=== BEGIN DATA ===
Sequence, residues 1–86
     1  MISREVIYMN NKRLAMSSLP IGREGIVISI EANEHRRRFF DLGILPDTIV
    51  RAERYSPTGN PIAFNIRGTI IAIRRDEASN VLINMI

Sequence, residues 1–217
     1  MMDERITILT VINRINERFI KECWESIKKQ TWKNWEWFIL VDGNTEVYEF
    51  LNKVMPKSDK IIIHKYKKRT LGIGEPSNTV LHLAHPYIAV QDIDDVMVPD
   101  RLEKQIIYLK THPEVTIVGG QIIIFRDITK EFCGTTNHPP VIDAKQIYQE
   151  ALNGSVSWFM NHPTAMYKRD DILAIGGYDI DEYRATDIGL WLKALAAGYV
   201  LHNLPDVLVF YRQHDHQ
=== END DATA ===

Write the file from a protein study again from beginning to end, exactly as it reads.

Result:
Sequence, residues 1–86
     1  MISREVIYMN NKRLAMSSLP IGREGIVISI EANEHRRRFF DLGILPDTIV
    51  RAERYSPTGN PIAFNIRGTI IAIRRDEASN VLINMI

Sequence, residues 1–217
     1  MMDERITILT VINRINERFI KECWESIKKQ TWKNWEWFIL VDGNTEVYEF
    51  LNKVMPKSDK IIIHKYKKRT LGIGEPSNTV LHLAHPYIAV QDIDDVMVPD
   101  RLEKQIIYLK THPEVTIVGG QIIIFRDITK EFCGTTNHPP VIDAKQIYQE
   151  ALNGSVSWFM NHPTAMYKRD DILAIGGYDI DEYRATDIGL WLKALAAGYV
   201  LHNLPDVLVF YRQHDHQ